Alcoholic Liver Disease May Not Lead to Cancer
Hepatocellular carcinoma surveillance would be expected to have a minimal effect on mortality and is unlikely to be cost-effective.>
WEDNESDAY, June 20, 2012 (MedPage Today) — Patients with alcoholic cirrhosis have a lower risk of liver cancer than previously thought, Danish researchers found.
In a Danish registry study, 5-year risk of hepatocellular carcinoma among these patients was only 1 percent, Peter Jepsen MD, PhD, of Aarhus University Hospital, and colleagues reported in the June 19 issue of the Annals of Internal Medicine.
And liver cancer contributed little to the high mortality seen in this population overall, as only 1.8 percent of deaths were related to the carcinoma, they found.
As a result, “hepatocellular carcinoma surveillance would be expected to have a minimal effect on mortality and is unlikely to be cost-effective,” they wrote.
Patients with alcoholic cirrhosis are at higher risk for hepatocellular carcinoma than the general population, but the utility of liver cancer surveillance for these patients is unclear.
Jepsen and colleagues looked at data from a national registry on hepatocellular carcinoma among 8,482 Danish patients who’d been diagnosed with alcoholic cirrhosis between 1993 and 2005. Median follow-up was 4.1 years.
Over the study period, 169 patients developed hepatocellular carcinoma.
The researchers found that cumulative risk of the cancer increased steadily with time since the cirrhosis diagnosis, and was 1 percent at 5 years.
In sensitivity analyses that included all possible hepatocellular carcinoma diagnoses and a subpopulation of patients who were followed by hepatologists, the highest 5-year cancer risk was not much higher, at only 1.9 percent.
Cancer incidence was markedly higher for men than for women, they reported, and it rose with age.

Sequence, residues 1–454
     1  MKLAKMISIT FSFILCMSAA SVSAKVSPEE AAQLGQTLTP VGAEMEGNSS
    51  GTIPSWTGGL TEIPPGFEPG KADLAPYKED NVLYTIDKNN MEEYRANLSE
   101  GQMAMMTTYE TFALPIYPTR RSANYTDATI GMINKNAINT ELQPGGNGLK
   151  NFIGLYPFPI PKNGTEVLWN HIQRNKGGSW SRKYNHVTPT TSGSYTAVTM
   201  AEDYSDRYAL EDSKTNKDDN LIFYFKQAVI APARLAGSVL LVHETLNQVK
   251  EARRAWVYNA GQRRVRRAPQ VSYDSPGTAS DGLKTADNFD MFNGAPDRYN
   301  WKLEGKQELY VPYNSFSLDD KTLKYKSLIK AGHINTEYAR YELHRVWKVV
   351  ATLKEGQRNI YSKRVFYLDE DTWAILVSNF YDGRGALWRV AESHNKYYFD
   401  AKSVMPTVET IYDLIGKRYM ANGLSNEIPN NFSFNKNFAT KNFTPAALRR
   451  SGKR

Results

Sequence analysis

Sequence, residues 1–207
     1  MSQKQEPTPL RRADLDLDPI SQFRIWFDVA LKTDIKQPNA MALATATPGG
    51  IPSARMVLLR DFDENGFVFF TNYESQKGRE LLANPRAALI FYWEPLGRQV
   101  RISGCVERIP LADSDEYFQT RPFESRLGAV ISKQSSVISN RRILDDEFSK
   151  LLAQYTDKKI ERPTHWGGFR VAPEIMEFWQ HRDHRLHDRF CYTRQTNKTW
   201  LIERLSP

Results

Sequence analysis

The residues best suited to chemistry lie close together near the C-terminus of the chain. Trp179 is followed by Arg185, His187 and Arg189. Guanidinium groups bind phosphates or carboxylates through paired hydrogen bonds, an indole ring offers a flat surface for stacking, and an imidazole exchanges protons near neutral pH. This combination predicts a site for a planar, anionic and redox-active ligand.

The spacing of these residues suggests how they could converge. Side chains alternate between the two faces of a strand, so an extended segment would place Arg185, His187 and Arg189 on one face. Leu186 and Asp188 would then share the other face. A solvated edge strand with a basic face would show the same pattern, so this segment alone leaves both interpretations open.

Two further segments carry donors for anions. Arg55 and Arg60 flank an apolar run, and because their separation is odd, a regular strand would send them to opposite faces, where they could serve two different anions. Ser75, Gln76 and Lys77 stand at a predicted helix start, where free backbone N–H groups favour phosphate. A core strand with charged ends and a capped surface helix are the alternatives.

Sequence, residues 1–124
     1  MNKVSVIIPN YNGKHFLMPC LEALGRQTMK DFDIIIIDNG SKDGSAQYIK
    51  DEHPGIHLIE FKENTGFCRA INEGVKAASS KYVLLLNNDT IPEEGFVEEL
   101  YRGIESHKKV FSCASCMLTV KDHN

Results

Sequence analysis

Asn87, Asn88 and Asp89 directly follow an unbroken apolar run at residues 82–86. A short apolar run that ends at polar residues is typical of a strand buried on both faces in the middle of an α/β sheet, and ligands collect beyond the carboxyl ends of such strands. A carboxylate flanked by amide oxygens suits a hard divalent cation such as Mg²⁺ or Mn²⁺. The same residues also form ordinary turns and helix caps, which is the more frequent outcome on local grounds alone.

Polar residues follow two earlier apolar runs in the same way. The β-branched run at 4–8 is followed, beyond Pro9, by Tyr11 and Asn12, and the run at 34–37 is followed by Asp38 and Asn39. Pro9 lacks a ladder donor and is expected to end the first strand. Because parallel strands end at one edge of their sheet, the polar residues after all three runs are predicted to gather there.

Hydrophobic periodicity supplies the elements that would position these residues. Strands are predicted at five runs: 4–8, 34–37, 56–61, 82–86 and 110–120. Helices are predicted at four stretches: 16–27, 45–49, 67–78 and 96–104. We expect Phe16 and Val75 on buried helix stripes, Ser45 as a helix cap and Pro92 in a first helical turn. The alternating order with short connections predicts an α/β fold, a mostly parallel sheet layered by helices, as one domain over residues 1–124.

Most of the patients who developed the cancer died (151 of 169), and 83.5 percent of these deaths were related to the cancer. The median survival time from diagnosis was 97 days for localized disease and 37 days for metastatic disease.
Overall mortality was high in the cohort, with 67.6 percent of patients dying during the study period.
In an assessment of cause-specific mortality through Jan. 1, 2009, the cumulative 5-year total mortality was 43.5 percent, while the 5-year risk for hepatocellular carcinoma death was only 0.8 percent, the researchers reported.
Thus, only 1.8 percent of all deaths were liver cancer-related — a proportion that didn’t change noticeably over time, they wrote.
“Hepatocellular carcinoma contributes little to their high mortality,” Jepsen and colleagues wrote, noting that the results suggest cirrhosis patients would benefit only marginally from routine liver cancer surveillance, which falls below the country’s accepted threshold for cost-effectiveness anyway.
They noted that the study was limited because diagnoses of cirrhosis and hepatocellular carcinoma were made by hospital physicians without uniform clinical criteria, and because the registry data lacked detailed information on patient care.